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New owners brace for post-pandemic pet withdrawal

Izabella Bankowski, who studies Behavioral Neuroscience, plays with Kaia, her 15-week-old Cavapoo puppy, on Centennial Common. Photo by Ruby Wallau/Northeastern University

Quillon Simpson, a postdoctoral research associate at Northeastern, spotted the tiny black-and-white border collie pup from clear across the country via video during the pandemic last August and instantly knew she was the pooch for him.

While her litter mates gathered around a wide food bowl to eat breakfast, the three-week old whelp that Simpson would eventually name Luna was inside the bowl, happily rolling around in puppy chow.

“Luna was smack-bang in the middle on her back, rolling around in this big bowl of food and loving life. Each time she rolled she’d take a bit of food. We were like, ‘That is the dog for us,’” says Simpson.

Terri Bright, part-time psychology lecturer and animal behaviorist, heads the behavior services department at the MSPCA-Angell Animal Medical Center. Courtesy photo.

Like many people who decided to get a furry friend during the COVID-19 pandemic, Simpson and his partner decided that the stay-at-home mandate provided a perfect opportunity to get a puppy because they’d both be on hand to dote on the dog.

But Terry Bright, an animal behaviorist and part-time psychology lecturer at Northeastern, says raising a puppy while the entire family is homebound can be a double-edged sword, especially as families start to return to the classroom or workplace.

“So much of puppy behavior is what I call ‘made you look,’ behavior. You know, the puppy tugs on your clothes, made you look. The puppy barks when you’re on a Zoom call, made you look,” says Bright, who also is the director of behavior services at Boston’s MSPCA-Angell Animal Medical Center.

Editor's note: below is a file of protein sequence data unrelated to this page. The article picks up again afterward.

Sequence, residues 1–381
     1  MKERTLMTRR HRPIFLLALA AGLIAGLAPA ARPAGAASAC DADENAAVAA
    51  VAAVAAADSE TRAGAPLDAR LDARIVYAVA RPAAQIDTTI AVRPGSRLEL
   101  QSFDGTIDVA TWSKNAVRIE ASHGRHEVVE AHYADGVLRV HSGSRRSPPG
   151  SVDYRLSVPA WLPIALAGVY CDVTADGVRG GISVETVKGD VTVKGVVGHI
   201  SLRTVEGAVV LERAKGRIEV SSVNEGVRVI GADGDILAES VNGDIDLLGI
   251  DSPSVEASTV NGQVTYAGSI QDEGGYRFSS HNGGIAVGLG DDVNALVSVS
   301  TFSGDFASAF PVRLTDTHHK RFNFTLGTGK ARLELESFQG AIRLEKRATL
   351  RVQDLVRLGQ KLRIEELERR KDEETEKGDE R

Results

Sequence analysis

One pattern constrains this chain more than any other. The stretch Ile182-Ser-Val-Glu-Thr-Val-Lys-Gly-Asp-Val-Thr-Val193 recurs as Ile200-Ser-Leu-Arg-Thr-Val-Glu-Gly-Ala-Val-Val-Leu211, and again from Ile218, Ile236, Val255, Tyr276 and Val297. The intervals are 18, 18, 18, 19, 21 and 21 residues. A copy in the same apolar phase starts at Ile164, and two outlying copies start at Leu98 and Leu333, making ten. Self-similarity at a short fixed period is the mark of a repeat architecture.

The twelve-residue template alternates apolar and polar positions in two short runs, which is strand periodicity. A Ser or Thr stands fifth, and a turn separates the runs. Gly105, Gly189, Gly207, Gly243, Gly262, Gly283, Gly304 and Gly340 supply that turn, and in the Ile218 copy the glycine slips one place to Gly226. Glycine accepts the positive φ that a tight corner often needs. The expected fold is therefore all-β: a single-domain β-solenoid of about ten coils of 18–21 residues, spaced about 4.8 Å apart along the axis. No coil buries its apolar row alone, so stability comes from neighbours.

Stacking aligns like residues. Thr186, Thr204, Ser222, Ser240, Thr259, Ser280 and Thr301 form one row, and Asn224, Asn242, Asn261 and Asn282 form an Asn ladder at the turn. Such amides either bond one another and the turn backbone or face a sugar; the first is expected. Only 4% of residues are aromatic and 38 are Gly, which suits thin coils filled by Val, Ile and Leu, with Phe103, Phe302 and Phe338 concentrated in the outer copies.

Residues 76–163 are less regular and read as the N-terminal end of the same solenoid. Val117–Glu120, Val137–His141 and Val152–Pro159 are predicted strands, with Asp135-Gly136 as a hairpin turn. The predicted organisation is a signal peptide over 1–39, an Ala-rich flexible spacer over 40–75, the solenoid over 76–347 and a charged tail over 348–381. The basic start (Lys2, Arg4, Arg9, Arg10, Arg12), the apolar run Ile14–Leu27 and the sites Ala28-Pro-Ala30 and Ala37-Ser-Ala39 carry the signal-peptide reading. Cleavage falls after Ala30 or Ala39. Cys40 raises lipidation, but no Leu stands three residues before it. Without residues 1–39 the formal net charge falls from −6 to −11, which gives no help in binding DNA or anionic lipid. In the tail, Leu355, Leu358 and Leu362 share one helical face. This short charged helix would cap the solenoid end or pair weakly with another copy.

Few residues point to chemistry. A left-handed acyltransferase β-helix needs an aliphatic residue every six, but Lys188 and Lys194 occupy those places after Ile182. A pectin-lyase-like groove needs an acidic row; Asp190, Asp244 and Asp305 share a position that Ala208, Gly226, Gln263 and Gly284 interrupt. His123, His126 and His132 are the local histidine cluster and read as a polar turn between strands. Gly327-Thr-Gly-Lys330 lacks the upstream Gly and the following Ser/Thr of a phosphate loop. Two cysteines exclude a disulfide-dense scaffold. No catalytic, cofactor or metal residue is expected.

“If you have two kids, two parents, and everybody’s home, the opportunity for reinforcement of that unwanted behavior is huge. And the effect of reinforcement on that behavior is that it causes that behavior to increase,” says Bright, who pointed out that the number of puppies seen at the MSPCA clinic has doubled in the last year.

Quillon Simpson, a postdoctoral research scientist in Mike Pollastri’s lab, plays with Luna, his 13-week-old Border Collie, outside Egan Research Center. Photos by Matthew Modoono/Northeastern University

A post-pandemic reality will be a challenge for pets and owners alike. Izzy Bankowski, a fourth-year behavioral neuroscience major, hasn’t been able to take her new Cavapoo to any obedience training classes because they’ve been so full. She was seeking an emotional-support animal last year when the pandemic struck, and the puppy, named Kaia, was an important source of comfort during a frightening period riddled with uncertainty.

“Kaia has been my little sunshine during the pandemic,” says Bankowski. “She has kept me hopeful and calm, knowing that I wasn’t alone in this.”

Now she’s trying to prepare 11-month-old Kaia for a time when Bankowski will likely be working outside the house more often.

“It’s going to be pretty busy,” she says. “We’re hoping to try to start leaving the house, even if it’s just for five or ten minutes at a time.”

Bright said new owners should plan ahead to acclimate the dog to a post-pandemic schedule, even if Fido is well behaved.

“Everyone has to figure out what the dog is going to be doing all day when you’re not home. A lot of people have not really figured out what that schedule is yet, and that’s why our puppy classes and obedience classes are full,” says Bright.

Make sure someone is on hand to take the dog out a few times a day, says Bright. Enrichment toys that allow the new pet to hunt for treats are key to preventing boredom.

“Dogs are nothing but a nose on four legs,” says Bright. “If they’re bored, they’re probably not getting enough chances to hunt for things.”

Exercise also is key for dogs, says Bright, but new owners have to make sure their canine gets plenty of time to explore the outside on their own terms.

“A lot of owners live in the city and take the dog for a three-mile run around Boston Common. That’s great, but that kind of forced army march is just not as interesting as letting them follow their nose,” says Bright.

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